We argue that the state has a central role to play in bringing about the structural economic transformation that Africa requires for sustainable development. In particular, to unleash growth drivers and establish the conditions under which the private sector will thrive, and in which employment-intensive growth and economic take-off can take place.
There is clear evidence in support of the role of the state in accelerating economic development. It is a fact of history as underscored by the Growth Commission that most of today’s advanced economies relied on state intervention for their structural transformation. In Malaysia and Mauritius, there was a deliberate state involvement based on disciplined planning process.
In Japan and South Korea, the state collaborated effectively with the private sector under the leadership of planning authorities such as the MITI in Japan and South Korean Economic Planning Board. Government investment was used in these two countries to develop infrastructure, provide cheap finance and facilitate tariff protection when needed. These examples of guided transformation involved the formulation of relevant development policies, the creation of the required institutions and the promotion of investment. The state must do the same in Africa.
In fact, to achieve the objectives of structural economic transformation, African states must provide a clear vision, coordinate change through a planning process, manage distributional conflicts, mitigate investment risks and in the case of Africa promote regional integration to overcome the limitations of small, fragmented economies. This will require national commitment to development, a developmental state, if you will. The developmental state is one that has the political will and capacity to articulate and implement policies to expand human capabilities, enhance equity and promote economic and social transformation.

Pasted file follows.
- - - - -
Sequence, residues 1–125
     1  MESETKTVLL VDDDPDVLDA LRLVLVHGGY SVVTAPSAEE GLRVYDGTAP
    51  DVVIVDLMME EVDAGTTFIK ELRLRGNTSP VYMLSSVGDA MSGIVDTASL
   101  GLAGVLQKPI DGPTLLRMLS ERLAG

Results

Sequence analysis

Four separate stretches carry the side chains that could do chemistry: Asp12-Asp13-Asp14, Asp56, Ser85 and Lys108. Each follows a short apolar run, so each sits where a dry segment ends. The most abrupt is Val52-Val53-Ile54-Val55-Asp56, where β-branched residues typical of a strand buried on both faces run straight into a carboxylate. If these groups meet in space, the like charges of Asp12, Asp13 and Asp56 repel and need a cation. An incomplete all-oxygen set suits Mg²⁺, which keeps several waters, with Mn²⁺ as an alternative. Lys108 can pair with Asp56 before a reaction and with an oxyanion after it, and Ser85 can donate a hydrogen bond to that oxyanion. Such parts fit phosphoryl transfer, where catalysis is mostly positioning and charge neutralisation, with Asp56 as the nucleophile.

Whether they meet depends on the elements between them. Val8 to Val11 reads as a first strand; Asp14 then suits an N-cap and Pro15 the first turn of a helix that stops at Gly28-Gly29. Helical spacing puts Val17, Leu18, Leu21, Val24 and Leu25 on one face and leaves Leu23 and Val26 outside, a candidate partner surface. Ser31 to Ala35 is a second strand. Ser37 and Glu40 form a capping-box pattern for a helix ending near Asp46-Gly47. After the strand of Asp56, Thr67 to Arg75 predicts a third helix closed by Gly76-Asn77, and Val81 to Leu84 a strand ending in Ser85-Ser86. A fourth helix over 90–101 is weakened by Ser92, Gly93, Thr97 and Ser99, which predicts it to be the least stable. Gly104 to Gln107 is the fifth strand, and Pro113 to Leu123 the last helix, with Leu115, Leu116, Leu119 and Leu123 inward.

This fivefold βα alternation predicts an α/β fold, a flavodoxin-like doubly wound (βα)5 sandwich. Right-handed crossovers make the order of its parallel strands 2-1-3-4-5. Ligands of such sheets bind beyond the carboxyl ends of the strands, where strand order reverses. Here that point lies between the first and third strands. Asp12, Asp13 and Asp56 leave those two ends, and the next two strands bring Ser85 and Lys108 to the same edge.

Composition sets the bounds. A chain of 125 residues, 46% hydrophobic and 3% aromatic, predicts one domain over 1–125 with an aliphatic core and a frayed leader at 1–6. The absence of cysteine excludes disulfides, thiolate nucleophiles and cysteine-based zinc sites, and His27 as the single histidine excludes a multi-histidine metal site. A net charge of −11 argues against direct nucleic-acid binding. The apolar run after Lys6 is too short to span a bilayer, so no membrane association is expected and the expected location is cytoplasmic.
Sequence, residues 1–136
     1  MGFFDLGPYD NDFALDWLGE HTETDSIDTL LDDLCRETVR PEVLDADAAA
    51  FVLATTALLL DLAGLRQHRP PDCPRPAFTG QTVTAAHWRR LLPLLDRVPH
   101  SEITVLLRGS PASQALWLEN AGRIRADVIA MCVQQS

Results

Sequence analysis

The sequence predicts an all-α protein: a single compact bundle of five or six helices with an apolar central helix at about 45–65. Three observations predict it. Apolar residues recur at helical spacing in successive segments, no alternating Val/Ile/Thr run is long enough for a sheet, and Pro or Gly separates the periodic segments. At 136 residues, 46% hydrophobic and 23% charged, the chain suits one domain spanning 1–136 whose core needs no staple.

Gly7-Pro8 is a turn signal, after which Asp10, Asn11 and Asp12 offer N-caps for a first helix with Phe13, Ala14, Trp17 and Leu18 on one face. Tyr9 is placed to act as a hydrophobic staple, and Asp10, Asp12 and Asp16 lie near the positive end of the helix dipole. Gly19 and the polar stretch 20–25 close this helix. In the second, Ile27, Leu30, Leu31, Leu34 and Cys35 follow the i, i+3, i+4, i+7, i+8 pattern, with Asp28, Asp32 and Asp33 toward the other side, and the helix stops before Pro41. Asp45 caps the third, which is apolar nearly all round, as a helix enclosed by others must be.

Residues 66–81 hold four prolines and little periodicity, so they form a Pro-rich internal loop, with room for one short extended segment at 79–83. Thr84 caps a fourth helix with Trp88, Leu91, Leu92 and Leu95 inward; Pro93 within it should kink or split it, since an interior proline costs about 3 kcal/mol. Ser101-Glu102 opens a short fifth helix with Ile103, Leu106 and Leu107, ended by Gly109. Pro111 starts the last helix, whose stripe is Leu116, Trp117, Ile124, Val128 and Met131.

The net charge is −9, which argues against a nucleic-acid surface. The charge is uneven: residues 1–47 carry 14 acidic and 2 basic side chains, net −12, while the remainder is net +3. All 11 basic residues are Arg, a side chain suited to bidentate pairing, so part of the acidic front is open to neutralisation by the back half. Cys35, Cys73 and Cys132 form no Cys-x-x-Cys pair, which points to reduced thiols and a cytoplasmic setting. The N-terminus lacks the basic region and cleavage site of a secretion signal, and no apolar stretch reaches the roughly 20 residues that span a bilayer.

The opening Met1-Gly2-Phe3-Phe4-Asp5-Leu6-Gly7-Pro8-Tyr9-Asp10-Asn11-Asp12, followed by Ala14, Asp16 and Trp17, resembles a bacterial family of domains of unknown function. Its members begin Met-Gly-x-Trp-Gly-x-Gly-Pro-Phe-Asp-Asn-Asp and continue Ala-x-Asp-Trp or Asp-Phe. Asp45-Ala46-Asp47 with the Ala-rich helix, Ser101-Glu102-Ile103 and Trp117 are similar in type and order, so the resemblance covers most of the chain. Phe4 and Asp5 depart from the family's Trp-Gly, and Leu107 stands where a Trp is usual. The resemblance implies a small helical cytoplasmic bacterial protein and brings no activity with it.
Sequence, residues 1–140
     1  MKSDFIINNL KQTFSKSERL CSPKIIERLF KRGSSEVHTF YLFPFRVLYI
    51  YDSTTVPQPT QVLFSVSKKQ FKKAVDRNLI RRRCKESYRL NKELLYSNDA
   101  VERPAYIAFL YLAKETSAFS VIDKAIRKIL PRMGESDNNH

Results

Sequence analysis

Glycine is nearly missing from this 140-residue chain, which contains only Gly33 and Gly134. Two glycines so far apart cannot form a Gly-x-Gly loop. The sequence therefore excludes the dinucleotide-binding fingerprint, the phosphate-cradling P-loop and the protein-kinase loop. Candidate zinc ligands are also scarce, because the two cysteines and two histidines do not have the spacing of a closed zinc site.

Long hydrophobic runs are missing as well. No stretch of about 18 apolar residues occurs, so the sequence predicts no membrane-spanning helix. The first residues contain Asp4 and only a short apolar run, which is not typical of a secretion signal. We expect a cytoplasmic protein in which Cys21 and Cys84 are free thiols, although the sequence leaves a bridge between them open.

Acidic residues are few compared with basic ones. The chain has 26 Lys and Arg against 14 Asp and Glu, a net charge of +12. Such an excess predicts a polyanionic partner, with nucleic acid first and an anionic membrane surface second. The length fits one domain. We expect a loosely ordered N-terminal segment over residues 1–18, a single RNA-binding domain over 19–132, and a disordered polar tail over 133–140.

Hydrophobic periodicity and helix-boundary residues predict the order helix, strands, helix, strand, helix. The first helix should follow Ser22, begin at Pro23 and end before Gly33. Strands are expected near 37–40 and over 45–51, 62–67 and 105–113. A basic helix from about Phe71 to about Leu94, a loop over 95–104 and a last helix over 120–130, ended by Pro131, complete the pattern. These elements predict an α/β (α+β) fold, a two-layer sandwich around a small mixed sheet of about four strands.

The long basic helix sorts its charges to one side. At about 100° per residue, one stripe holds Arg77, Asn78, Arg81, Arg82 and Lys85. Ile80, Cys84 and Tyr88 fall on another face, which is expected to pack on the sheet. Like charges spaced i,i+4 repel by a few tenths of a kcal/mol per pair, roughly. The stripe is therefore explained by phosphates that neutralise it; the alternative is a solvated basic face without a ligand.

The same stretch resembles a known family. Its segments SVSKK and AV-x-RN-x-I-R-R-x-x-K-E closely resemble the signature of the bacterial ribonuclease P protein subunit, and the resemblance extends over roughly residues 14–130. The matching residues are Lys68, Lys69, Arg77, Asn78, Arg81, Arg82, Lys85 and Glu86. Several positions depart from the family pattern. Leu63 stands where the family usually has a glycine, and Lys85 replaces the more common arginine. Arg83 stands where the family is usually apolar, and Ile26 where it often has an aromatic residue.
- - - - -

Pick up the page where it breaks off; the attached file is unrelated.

To be sure, Africa has had clear commitment to development in the past, but the adoption of structural adjustment programmes in the 1980s and 1990 effectively undermined this process. While we do not advocate a one-plan-fits-all strategy, it is sufficient to assert that an increased unwavering commitment to accelerating development by Africa states could address institutional, environmental and governance weaknesses as well as market imperfections. It will also help rebuild and strengthen state capacity which is required to manage the process. This, in turn, should generate appropriate incentives for economic diversification and transformation, the sine qua non for sustainable growth accompanied with employment creation.
Such commitment is possible and has already been well demonstrated in the area of political governance as reflected in the adoption of the African Peer Review Mechanism. Indeed, this is one way of managing the downside risks of increased state engagement in development processes, which makes it important to continue to hold states accountable to the population at large.
We hope that these and other issues will be thoroughly discussed by African Ministers charged with Finance, Economy, Planning and Development when they meet in Addis Ababa on 28-29 March, 2011 to discuss the theme ‘Governing Development in Africa’. It will be the fourth meeting of these Ministers held under the joint auspices of the African Union and the United Nations Economic Commission for Africa. The deliberations and decisions of the conference will certainly be critical for continental economic performance especially as we approach the 2015 target date for achieving the Millennium Development Goals
Jean Ping is the Chairperson of the African Union Commission
Abdoulie Janneh is UN Under Secretary-General/Executive Secretary of Economic Commission for Africa